Obituaries (June 2011)

From ANIMAL PEOPLE, June 2011:

“I come to bury Caesar, not to praise him. The
evil that men do lives after them. The good is
oft interred with their bones.” –William

Nina Leopold Bradley, 93, died on May
25, 2011 at her home in Baraboo, Wisconsin.
The third of five children born to Sand County
Almanac author Aldo Leopold and his wife Estella,
Nina Leopold in 1941 married zoologist William
Elder (1913-2006), who was among her father’s
students. She raised two daughters while
accompanying Elder on field expeditions, and
assisted him in projects including developing an
oral contraceptive for birds. Divorcing Elder,
Nina Leopold married Charles Bradley in 1973.

They went on to create the Aldo Leopold Nature
Center, including the 2,000-acre Leopold
Reserve, which grew out of Aldo Leopold’s
experiments in restoration ecology, and has
influenced several generations of ecological
theorists. Nina Leopold prefaced her web page
with a famous passage in Sand County Almanac in
which her father regretted shooting a wolf as a
young forester in New Mexico, but–like her
father–she discussed the wolf’s death only as a
loss to the ecosystem, endorsed recreational
hunting, and closely managed the Leopold Reserve
birdlife according to a “hierarchy of
priorities,” rather than respecting natural
Isabel Minguez-Tudela, 55, died on
April 16, 2011. Trained as a veterinarian in
Madrid, Minguez-Tudela was for 20 years a senior
scientific officer for the European Commission in
Brussels, Belgium, directing research on
zoonotic diseases. “She was an enthusiastic
supporter of the One Health vision,” which views
animal and human health as a continuum, wrote
colleagues J.M. Sanchez-Vizcaino and Illaria

José Cláudio Ribeiro da Silva and his
wife, Maria do Espírito Santo da Silva, were
shot from ambush on May 24, 2011 near their home
in Nova Ipixuna, Para state, Brazil.
“According to a local newspaper, Diário do Pará,
the couple had not had police protection despite
getting frequent death threats because of their
battle against illegal loggers and ranchers,”
reported Guardian correspondent Tom Phillips from
Rio de Janiero. Their murders came six years
after the similar assassination of U.S. nun
Dorothy Stang and 23 years after the murder of
rubber-tapper Chico Mendes, who both also fought
to protect Amazon habitat. The da Silva killings
came two days before the Brazilian House of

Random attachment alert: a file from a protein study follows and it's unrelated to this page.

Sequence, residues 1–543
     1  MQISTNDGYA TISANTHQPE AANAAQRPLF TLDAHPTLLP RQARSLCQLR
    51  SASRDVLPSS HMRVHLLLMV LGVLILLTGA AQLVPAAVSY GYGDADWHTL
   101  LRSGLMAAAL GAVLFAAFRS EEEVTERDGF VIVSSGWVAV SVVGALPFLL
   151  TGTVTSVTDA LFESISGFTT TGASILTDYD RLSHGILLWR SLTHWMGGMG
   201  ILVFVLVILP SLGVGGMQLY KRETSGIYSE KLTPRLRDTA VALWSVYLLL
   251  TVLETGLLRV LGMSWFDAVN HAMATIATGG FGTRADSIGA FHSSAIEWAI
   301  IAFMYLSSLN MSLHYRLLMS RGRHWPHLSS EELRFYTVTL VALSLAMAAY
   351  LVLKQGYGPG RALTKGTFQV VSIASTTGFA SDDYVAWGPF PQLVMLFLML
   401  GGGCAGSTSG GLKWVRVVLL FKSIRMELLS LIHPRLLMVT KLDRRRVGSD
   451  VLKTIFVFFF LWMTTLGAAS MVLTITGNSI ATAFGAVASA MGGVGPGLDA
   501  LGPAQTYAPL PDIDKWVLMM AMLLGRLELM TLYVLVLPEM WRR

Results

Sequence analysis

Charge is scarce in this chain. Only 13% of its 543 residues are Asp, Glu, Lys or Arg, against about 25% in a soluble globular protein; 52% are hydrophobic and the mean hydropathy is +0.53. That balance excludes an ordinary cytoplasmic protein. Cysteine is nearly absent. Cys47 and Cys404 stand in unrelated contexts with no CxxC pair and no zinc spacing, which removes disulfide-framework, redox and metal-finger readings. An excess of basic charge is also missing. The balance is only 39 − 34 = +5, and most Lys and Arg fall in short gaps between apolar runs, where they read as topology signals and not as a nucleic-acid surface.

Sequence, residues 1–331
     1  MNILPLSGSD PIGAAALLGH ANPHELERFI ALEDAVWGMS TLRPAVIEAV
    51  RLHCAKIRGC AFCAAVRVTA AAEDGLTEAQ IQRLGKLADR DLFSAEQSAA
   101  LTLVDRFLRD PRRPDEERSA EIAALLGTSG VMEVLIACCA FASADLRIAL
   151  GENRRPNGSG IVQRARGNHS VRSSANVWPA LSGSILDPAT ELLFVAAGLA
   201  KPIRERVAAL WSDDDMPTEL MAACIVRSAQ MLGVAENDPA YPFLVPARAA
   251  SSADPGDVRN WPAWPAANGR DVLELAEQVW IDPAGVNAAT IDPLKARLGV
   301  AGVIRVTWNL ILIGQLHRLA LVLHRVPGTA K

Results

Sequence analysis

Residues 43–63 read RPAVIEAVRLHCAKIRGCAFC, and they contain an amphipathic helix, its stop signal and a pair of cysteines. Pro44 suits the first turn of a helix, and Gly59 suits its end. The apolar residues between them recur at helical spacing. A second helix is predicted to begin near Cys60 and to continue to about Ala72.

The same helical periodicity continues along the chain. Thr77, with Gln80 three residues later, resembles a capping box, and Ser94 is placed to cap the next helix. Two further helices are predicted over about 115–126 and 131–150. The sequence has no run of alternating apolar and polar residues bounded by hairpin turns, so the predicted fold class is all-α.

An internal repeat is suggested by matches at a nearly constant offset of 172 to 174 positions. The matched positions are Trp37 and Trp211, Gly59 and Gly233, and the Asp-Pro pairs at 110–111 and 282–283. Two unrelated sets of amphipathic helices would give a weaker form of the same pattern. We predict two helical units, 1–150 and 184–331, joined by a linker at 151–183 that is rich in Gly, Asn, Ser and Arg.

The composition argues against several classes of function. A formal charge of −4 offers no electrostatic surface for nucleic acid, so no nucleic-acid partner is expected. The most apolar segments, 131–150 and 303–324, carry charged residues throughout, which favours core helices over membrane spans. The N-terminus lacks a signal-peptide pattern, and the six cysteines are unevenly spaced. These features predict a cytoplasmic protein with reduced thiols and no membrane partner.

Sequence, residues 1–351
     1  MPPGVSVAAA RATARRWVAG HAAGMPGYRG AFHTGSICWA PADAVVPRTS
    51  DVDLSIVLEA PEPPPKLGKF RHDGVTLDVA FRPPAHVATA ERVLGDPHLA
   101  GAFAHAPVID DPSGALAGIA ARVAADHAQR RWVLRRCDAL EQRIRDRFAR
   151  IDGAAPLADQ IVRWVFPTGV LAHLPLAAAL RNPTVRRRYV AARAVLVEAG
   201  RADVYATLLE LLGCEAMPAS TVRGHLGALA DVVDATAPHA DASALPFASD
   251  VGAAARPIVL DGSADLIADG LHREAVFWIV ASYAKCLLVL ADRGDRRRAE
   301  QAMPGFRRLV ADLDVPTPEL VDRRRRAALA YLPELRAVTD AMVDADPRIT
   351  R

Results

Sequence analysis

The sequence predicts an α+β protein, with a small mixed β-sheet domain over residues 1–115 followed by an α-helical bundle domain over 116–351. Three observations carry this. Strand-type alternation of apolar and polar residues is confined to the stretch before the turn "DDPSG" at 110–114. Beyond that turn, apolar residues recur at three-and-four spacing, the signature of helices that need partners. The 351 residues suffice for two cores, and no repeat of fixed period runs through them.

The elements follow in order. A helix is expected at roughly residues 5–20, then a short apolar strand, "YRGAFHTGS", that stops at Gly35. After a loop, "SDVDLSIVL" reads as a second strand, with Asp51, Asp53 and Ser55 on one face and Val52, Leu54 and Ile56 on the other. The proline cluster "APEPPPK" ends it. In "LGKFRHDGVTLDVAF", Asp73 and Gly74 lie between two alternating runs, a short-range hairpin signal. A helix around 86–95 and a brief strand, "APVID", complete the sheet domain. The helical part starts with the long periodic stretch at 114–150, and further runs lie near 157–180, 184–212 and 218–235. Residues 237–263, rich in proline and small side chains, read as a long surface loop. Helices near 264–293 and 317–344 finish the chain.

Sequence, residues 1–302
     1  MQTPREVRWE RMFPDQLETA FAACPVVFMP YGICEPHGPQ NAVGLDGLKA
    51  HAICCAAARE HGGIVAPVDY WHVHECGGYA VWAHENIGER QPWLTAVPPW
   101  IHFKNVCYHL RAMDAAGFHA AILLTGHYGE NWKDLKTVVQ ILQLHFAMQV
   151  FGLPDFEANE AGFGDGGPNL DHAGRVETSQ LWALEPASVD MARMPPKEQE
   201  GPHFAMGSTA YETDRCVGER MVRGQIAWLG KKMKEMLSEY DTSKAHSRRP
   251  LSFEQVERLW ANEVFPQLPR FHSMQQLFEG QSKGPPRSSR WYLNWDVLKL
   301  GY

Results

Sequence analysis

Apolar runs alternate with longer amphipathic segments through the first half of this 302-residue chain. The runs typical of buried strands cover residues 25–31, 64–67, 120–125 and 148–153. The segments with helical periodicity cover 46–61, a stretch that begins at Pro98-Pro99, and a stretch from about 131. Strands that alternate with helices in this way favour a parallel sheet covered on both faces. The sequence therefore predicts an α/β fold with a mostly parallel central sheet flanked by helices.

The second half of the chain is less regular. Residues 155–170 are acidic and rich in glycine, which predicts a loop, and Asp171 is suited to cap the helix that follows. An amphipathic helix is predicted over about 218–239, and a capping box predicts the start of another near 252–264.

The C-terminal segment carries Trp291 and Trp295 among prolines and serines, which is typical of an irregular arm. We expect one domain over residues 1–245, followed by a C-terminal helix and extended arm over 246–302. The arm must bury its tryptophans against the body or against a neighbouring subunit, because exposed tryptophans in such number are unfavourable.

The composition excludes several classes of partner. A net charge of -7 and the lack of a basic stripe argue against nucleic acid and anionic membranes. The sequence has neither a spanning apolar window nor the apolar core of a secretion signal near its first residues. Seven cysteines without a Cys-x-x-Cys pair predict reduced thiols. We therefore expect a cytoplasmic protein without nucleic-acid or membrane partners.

Deputies voted 410-63 in favor of a bill to ease
restrictions on logging in the Amazon region.
Another anti-rainforest logging activist,
Adelino Ramos, was killed on May 29. Altogether
1,150 rural activists have been killed in Brazil
during the past 20 years, reported Bradley
Brooks of Associated Press. “Of all those
killings, fewer than 100 cases have gone to
court. About 80 hired gunmen have been
convicted. Only 15 or so of the people who
ordered killings faced charges. And just one of
them is known to be in prison,” Brooks wrote.

Edward H. Harte, 88, died on May 18,
2011 at his home in Scarborough, Maine.
Succeeding his father as publisher of the Corpus
Christi Caller-Times, Harte promoted the
creation of Mustang Island State Park and Padre
Island National Seashore. He and his brother
also donated a 66,000-acre ranch to Big Bend
National Park. Harte served for 13 years on the
National Audubon Society board, including five
years as chair, and established a $46 million
endowment to fund the Harte Research Institute
for Gulf of Mexico Studies at Texas A&M
University. “In our family, we share a love of
birds, animals, anything wild–whether it is on
the family ranch in Texas or on the Maine coast,”
Harte said in 2003. “We also share the belief
that being involved in a cause is the way you
should live your life.”

Don Merton, 72, died on April 11,
2011. A longtime ornithologist for the New
Zealand Department of Conservation, Merton
directed the programs that are credited with
saving the kakapo flightless parrot, Chatham
Island black robin, Abbot’s booby, and New
Zealand saddleback from extinction. A fierce foe
of non-native predators, Merton also “championed
a technique known as ‘close order management’
that sought to think in terms of individuals, not
just populations, a distinction that is key to
helping to reconcile two environmental camps that
don’t always see eye-to-eye: animal rights and
conservation biology,” recalled film maker
Alison Balance. “Without individuals, Don told
me and many others,” Balance continued, “there
could be no populations. This might seem
obvious, but in the field such reconciliation
can take on extraordinarily complicated
dimensions, all of which Don endured and worked
to overcome.”

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